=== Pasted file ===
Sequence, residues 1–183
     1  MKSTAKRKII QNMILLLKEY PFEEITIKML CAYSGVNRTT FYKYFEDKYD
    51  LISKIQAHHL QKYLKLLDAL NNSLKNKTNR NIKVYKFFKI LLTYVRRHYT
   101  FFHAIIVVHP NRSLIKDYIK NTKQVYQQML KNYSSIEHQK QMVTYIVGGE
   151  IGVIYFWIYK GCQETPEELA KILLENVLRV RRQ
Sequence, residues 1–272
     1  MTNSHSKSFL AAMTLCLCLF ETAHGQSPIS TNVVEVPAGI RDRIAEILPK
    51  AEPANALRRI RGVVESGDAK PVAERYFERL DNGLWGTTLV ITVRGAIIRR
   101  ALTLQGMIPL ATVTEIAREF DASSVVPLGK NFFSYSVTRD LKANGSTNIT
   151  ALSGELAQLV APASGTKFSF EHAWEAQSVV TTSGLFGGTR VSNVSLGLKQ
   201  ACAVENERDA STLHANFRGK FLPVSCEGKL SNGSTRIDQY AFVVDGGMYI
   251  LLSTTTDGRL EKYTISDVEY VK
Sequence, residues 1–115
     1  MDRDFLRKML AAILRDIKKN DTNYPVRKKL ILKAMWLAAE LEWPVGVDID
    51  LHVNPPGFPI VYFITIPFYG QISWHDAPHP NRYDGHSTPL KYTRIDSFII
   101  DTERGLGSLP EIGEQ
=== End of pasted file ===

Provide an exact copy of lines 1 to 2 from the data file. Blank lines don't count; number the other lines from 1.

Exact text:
Sequence, residues 1–183
     1  MKSTAKRKII QNMILLLKEY PFEEITIKML CAYSGVNRTT FYKYFEDKYD